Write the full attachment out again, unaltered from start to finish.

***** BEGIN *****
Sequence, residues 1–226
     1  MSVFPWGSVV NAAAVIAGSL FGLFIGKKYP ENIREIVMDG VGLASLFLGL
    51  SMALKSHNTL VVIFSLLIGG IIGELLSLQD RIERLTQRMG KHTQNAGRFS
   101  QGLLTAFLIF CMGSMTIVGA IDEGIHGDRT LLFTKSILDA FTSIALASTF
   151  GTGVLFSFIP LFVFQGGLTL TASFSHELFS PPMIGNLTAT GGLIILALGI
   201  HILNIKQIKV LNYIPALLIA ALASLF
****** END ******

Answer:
Sequence, residues 1–226
     1  MSVFPWGSVV NAAAVIAGSL FGLFIGKKYP ENIREIVMDG VGLASLFLGL
    51  SMALKSHNTL VVIFSLLIGG IIGELLSLQD RIERLTQRMG KHTQNAGRFS
   101  QGLLTAFLIF CMGSMTIVGA IDEGIHGDRT LLFTKSILDA FTSIALASTF
   151  GTGVLFSFIP LFVFQGGLTL TASFSHELFS PPMIGNLTAT GGLIILALGI
   201  HILNIKQIKV LNYIPALLIA ALASLF